Drinking Tea

Tea is serious business in China. In Kunming, the university quarter is a beautiful area lined with cozy cafes. I happened upon an upscale tea shop and decided to pop in armed only with my Mandarin phrasebook. After a brief browse of some very expensive teas, I was soon invited to sit down and sample some of what was on offer.

Two women began to prepare the tea in the most elaborate of manners. The process is all very ceremonius and probably involved well over 10 steps. The first step is to provide the guest with a miniature tea cup and the server must take care not to touch the cup (she used tongs). From there, the cups are first washed with hot water and then washed with tea. The tea must be washed before drinking. Eventually I was able to taste the tea and it was quite good. I took 5 sips and soon learned I should take three. Additionally, the forefinger and middlefinger should be placed under the glass. I learned these things as I failed hopelessly with my phrasebook.

After about about a half hour of tea drinking, my new friend Lingshuntao came to the rescue. He is a chemist by trade and very well versed in tea (and English). He was soon explaining the healing properties of Puer tea, the most sought after tea in Yunnan. Puer tea is a bit like wine, it ferments slowly and becomes better with age. It is starting to catch on all over the world, but the tea all comes from the Yunan province in China.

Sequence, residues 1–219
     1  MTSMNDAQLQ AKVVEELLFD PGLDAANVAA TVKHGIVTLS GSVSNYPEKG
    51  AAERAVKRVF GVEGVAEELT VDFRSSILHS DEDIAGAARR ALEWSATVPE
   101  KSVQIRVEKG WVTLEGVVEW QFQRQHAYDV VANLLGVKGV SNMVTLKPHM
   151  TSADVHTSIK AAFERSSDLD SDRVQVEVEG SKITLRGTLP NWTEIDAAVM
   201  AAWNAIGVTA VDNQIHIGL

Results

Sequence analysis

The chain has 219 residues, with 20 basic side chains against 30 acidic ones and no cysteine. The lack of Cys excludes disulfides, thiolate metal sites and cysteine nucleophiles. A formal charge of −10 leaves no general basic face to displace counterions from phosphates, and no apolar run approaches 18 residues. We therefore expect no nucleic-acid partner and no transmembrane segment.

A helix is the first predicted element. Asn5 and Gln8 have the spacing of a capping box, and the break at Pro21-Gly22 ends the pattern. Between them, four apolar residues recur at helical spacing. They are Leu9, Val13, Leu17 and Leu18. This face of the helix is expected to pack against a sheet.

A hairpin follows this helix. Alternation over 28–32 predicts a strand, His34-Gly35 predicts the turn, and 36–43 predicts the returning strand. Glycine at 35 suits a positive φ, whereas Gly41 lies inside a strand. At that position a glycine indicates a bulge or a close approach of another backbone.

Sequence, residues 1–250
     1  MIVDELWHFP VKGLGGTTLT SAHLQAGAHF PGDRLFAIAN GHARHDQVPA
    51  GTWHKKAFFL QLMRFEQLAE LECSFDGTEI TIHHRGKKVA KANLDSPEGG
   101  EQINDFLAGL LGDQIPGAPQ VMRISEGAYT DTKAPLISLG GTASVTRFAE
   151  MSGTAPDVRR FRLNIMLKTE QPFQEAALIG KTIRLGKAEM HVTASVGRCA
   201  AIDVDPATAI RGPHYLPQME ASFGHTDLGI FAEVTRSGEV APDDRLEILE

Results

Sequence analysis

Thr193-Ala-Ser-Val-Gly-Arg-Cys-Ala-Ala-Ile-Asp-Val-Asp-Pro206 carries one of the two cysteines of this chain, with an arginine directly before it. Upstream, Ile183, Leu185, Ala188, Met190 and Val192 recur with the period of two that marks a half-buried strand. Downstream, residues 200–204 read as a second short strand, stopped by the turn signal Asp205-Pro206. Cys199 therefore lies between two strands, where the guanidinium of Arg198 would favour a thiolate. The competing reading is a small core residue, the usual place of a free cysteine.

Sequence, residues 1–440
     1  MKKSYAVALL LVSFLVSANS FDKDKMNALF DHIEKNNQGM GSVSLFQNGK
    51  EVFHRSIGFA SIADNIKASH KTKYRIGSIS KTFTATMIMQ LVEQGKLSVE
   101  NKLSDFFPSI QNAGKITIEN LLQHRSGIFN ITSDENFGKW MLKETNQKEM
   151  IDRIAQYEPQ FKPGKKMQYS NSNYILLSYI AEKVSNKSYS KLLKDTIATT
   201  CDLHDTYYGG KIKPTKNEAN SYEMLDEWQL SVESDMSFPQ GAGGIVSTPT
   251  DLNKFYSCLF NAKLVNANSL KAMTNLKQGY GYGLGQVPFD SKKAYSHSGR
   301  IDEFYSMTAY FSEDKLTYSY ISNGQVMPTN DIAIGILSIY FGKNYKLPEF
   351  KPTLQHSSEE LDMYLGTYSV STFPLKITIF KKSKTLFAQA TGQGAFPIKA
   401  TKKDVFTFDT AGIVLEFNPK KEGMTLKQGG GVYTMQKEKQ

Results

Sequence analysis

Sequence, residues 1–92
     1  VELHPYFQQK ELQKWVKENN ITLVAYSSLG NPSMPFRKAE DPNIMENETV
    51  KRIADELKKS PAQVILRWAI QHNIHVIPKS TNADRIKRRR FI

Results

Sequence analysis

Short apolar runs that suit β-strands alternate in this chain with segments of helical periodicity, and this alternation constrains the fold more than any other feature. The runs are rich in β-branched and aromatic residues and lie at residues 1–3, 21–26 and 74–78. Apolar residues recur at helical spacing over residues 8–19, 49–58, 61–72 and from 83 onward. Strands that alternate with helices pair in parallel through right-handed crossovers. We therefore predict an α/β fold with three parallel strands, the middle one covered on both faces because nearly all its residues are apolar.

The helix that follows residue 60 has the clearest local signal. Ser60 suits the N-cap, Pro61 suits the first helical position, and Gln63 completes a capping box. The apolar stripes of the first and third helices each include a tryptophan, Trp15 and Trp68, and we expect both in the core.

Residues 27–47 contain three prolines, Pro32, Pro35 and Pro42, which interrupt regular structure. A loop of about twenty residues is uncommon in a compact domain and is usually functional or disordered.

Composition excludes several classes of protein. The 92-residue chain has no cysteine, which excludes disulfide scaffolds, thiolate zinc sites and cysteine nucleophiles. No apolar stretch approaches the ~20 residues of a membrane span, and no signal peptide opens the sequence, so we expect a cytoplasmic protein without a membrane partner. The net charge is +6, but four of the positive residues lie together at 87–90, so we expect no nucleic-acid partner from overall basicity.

Another Chinese customer came in who was in the market for some tea and we were able to sample four different qualities. It was interesting to taste the different teas, though I think my palate needs a little bit of work. After about two hours, I said goodbye and “syair, syair” (thank you) and hopped on my bike to return to the hotel after a full day in Kunming, ready to board the overnight train to Dali.

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One Response to “Drinking Tea”

  1. Auntie Annette Says:

    Hi Ed,

    You have a great way with words. I am right there enjoying the tea!

    You definitely are having a trip of a lifetime and keeping this blog will have your memories in tact.

    Today Uncle John is arriving at MIA and we are looking forward to his visit. He’ll stay here until March 6. Both times that he has come here it has been because of death and illness so this is a wonderful chance to show him some of the places around us that tourists usually do not go. I still love Miami!

    Looking forward to more from you. You are doing a great job in journalling.

    Love you.
    Auntie

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